This story deals with a man trying to best understand himself and his place in the world. That position is tied to his religious beliefs, and his desire to be both a rabbi and a true man of God. He puts strong emphasis on his need to be spiritual and devotes his life to cultivating the best relationship to God, the best spirituality that he can.
However, what Finkle struggles to understand is that spirituality can not come from study, but should come from life. He is able to comprehend that love is essential to his worship of God, but he tries to "create" that love. He studies hard to understand God, believing that this will show his love.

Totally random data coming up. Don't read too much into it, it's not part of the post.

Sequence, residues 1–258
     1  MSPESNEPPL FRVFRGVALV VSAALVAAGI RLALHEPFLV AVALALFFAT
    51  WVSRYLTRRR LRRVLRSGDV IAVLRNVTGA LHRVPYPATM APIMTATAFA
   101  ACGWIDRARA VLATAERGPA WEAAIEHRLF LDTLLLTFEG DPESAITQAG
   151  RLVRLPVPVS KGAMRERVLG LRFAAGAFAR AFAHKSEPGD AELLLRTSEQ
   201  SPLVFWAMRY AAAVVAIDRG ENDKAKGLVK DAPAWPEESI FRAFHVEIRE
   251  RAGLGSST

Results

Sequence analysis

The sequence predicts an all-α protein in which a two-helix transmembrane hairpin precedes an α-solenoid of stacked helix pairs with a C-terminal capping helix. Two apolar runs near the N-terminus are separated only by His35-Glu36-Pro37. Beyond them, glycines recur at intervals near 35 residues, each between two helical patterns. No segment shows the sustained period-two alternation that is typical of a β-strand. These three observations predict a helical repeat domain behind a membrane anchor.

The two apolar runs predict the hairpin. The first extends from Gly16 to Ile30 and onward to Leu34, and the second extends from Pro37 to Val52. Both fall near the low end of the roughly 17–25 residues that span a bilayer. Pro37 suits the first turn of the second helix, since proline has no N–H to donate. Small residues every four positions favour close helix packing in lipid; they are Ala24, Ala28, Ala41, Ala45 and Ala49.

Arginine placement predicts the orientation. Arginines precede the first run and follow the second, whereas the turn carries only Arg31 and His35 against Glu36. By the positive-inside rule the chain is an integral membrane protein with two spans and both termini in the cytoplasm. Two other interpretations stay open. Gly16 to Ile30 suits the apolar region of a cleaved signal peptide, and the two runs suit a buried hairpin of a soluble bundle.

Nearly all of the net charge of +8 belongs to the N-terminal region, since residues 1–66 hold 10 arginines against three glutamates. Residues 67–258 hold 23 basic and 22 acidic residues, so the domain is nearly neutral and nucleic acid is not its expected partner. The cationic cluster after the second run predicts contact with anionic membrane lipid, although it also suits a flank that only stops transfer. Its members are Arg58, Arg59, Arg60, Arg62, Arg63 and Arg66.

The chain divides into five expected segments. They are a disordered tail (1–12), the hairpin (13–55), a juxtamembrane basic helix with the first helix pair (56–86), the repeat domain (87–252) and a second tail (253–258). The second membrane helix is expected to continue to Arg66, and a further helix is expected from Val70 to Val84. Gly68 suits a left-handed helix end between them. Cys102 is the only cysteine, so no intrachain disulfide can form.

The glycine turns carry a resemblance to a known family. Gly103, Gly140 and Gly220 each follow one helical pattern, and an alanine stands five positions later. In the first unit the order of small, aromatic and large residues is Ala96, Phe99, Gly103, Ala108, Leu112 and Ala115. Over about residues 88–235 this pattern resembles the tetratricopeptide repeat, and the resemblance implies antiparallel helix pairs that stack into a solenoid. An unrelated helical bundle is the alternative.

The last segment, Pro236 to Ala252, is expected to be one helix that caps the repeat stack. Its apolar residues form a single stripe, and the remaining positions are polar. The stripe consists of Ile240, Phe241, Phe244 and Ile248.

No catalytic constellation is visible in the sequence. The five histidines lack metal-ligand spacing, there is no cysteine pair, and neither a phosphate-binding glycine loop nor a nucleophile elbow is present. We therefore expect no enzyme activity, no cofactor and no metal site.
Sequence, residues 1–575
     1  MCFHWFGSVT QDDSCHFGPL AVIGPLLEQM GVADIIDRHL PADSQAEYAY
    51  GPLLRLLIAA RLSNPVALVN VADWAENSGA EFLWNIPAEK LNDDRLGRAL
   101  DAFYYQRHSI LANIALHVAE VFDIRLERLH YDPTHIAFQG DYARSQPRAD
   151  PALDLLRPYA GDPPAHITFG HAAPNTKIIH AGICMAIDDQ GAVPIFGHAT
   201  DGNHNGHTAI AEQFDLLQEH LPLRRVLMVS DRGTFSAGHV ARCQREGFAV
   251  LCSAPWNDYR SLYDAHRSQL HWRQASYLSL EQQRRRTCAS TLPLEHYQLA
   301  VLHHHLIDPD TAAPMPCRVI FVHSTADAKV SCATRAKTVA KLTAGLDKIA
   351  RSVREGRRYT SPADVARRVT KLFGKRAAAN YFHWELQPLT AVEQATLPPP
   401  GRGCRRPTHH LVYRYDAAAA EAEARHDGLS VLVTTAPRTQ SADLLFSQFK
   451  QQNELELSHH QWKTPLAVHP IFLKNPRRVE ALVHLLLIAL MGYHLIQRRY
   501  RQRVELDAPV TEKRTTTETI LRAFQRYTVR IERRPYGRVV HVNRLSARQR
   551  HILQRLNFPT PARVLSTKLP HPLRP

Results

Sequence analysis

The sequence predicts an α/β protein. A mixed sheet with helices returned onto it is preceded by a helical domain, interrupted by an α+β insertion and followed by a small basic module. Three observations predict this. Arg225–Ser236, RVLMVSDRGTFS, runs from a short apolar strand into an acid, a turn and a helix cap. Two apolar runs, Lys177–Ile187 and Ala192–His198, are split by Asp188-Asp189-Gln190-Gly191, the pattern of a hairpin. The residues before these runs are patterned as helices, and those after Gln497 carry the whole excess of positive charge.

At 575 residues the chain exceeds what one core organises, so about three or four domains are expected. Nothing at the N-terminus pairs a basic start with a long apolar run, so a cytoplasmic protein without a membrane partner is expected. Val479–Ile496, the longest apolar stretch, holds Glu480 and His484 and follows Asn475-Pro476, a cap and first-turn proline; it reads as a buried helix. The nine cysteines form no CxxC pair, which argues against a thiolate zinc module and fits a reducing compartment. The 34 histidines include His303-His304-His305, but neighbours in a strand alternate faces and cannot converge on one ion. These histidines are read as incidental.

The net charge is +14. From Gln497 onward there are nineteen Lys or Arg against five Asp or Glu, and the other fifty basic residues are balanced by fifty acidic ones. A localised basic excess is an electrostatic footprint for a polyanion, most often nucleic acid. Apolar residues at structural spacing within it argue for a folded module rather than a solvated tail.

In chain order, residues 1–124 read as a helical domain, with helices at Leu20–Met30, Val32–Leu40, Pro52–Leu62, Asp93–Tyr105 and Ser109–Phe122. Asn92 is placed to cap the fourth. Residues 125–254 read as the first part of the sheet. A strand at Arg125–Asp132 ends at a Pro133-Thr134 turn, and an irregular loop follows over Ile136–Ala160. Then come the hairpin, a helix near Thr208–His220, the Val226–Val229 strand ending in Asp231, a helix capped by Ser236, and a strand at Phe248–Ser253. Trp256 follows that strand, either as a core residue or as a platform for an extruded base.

In this quote, Finkle is finally understanding the true nature of love, and therefore God. He realizes that to best worship, and best love, he must live in the world, interact with people, be a part of what God created. By doing this, love will grow in his heart and will a by-product of his worship - not the thing he gets at the end of worship.